Kansas City May Wheat:
Kansas City May wheat has plunged as much as 84 cents per bushel since the Feb. 24 high at $6.64. The chart appears to have a double-top chart formation as the high in January was also $6.63. A combination of weaker European and Black Sea wheat values, heavy rains and snow in previously dry hard red winter wheat areas, and a lagging pace of hard red winter wheat exports, have pressured futures.
Another bearish indicator for KC May would be the recent crossover of the shorter-term, 20-day moving average through the longer term 50-day average, typically a bearish trend change indicator. KC May is also trading below the 100-day moving average, typically bearish. However, the market is very oversold. Longer-term weather forecasts project a return to a drier pattern into the summer.
KC May is trading just above what should be a major support area of $5.70 to $5.80, where wheat futures should find solid buying. Providing underlying support for wheat should be the still bullish supply and demand outlooks for both corn and soybean futures.
My feeling is that despite the bearish technical indicators, this could be a bearish fakeout for this market. Without the collapse of both corn and soybean markets, I find it difficult to see KC wheat futures breaking down much from here, at least in the short run. The prospect for increasing the use of wheat in feed rations in the Southern Plains looks to be escalating. Dryness in the Northern Plains wheat areas could also send planting estimates down in favor of corn and soybeans.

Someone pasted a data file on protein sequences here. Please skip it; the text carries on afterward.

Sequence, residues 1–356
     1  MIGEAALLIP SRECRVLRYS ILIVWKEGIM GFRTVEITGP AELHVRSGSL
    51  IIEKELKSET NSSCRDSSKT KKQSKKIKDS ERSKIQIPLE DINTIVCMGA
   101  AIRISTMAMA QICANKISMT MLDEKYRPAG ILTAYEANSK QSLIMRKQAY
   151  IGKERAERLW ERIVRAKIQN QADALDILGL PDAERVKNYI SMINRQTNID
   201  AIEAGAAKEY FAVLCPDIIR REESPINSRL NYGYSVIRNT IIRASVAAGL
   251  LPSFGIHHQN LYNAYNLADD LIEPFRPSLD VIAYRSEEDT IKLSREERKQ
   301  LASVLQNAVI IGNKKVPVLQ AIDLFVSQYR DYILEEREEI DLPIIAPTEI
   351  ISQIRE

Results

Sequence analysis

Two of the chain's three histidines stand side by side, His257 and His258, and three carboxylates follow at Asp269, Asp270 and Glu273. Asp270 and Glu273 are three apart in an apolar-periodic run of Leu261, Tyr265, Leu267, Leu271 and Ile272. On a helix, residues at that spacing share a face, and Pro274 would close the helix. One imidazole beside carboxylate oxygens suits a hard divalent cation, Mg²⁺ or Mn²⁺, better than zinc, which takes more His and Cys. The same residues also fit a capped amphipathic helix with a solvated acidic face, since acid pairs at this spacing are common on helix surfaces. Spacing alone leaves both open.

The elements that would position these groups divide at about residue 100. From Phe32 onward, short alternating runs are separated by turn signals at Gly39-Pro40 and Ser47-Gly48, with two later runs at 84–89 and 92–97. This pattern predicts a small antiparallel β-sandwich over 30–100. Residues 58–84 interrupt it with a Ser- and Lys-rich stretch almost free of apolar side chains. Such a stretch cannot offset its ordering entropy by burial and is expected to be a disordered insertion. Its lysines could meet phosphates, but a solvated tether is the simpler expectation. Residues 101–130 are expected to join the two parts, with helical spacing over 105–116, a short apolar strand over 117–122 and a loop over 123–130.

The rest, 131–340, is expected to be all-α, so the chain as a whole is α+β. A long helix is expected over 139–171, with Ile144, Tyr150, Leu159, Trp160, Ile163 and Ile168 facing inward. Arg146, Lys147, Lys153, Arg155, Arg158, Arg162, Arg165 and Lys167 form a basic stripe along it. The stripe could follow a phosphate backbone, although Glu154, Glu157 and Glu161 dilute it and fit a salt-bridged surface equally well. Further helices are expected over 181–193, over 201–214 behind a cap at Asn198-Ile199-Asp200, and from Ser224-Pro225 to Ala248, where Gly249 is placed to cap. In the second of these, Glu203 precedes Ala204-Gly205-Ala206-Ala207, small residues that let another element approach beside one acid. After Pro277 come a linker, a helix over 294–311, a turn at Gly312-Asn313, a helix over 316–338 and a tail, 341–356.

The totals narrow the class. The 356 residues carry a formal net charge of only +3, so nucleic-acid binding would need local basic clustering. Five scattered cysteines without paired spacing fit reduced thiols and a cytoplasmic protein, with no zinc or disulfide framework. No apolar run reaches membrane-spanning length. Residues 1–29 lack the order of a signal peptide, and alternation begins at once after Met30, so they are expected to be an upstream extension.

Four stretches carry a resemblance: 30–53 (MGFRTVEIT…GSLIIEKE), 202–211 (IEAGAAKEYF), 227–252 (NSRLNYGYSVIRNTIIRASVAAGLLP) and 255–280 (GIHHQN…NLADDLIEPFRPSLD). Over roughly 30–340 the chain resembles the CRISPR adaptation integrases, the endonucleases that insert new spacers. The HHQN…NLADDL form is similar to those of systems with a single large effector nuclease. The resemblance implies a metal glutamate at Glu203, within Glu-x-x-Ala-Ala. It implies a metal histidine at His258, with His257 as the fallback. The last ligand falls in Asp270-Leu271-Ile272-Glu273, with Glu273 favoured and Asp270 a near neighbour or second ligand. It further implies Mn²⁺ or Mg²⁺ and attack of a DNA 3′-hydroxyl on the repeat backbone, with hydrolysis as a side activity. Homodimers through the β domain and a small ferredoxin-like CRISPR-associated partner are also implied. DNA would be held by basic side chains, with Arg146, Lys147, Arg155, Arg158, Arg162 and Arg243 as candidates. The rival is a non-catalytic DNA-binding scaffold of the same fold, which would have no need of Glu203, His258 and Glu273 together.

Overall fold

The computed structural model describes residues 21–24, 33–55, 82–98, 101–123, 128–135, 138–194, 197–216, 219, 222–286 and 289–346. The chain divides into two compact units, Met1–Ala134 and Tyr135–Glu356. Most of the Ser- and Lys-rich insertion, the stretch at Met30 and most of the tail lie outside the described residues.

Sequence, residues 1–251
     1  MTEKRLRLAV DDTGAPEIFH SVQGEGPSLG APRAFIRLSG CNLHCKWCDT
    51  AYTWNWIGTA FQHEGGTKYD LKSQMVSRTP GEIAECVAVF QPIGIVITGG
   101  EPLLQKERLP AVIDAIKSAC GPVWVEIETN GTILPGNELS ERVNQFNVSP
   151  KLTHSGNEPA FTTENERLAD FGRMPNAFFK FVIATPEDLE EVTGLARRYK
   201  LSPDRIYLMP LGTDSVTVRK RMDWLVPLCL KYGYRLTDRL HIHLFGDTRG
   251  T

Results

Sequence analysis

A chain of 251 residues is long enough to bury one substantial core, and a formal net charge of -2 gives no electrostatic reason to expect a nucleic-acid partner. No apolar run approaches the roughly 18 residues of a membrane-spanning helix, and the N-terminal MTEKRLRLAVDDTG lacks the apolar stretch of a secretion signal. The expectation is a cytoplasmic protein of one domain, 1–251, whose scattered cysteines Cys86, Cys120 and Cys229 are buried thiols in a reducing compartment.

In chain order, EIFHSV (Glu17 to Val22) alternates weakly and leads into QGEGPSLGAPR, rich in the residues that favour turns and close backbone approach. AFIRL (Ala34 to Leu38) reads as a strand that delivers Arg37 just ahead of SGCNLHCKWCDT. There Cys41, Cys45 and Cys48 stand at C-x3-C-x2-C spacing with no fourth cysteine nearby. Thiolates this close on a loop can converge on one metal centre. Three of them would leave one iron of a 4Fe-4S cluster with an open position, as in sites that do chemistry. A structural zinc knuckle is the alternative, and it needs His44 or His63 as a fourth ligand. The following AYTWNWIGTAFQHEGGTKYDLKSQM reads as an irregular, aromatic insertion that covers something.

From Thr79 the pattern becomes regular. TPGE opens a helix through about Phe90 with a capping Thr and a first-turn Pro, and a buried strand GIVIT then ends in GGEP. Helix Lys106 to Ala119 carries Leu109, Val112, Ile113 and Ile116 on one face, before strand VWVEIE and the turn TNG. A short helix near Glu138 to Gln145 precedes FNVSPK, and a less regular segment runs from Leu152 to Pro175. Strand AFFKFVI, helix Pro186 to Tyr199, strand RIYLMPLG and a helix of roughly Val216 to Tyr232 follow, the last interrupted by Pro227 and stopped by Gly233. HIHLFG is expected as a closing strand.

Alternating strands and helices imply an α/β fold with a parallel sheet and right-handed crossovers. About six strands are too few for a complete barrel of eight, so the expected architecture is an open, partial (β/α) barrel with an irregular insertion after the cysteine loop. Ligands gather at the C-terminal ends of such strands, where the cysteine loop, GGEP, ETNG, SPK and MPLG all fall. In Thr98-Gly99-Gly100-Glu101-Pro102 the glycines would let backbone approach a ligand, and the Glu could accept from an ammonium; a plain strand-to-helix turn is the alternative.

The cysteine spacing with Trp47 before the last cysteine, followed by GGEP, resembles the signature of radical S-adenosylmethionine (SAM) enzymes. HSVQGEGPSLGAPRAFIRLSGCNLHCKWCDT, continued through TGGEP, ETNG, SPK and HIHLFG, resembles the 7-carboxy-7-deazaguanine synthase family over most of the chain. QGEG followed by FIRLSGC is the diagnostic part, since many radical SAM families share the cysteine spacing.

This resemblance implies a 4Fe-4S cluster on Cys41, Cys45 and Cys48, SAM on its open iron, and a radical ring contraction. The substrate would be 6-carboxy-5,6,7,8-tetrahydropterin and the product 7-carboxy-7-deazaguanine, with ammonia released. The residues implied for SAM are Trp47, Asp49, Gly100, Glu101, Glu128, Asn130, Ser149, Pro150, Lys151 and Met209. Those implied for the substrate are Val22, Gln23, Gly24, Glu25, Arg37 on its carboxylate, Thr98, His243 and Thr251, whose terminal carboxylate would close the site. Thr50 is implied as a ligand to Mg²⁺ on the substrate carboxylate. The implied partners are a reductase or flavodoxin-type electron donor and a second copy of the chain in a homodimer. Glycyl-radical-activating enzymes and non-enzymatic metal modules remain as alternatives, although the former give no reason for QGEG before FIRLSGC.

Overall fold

July Corn Futures:
July corn futures appear to be coiling in an ascending triangle chart pattern, suggesting a breakout either way might project the next corn futures move.
A rally above and solid close above the $5.50 to $5.55 area is likely to send July corn to new highs and possibly a new leg higher, while a break and close under $5.20 would be a bearish sign for July corn. Fundamentals would seem to favor an upside resolution to the triangle pattern, with China having bought close to 150 million bushels (mb) of U.S. corn last week and ending stocks on corn appear headed to 1.2 billion bushels (bb) or lower.
Also providing underlying support for corn futures is the resurgent ethanol market, which saw a 12-week high in production last week. As economies and cities begin to open following the COVID-19 lockdowns, ethanol usage should continue to improve.
Much like July corn futures, July beans also have a similar chart pattern --- an ascending triangle chart pattern that is often a continuation pattern in a bullish trend. A rally and close above the $14.30 to $14.40 area would likely lead to another leg higher in the soybean market. A fall below $13.50 on a closing basis would likely negate the bullishness of such a pattern.
Also, as in corn, the soybean fundamentals are also bullish, with export sales currently 99% of the USDA projection with 5 1/2 months left in the crop year. Both domestic end users and exporters will need to ration demand as we go forward or risk falling below a pipeline supply.
It is likely any resolution to the triangle breakout in both corn and soybeans will be closely tied to South American weather over the next few months, as well as the upcoming March 31 stocks and seeding report.
Comments above are for educational purposes and are not meant to be specific trade recommendations. The buying and selling of grain and soybean futures involve substantial risk and are not suitable for everyone.
Dana Mantini can be reached at: firstname.lastname@example.org
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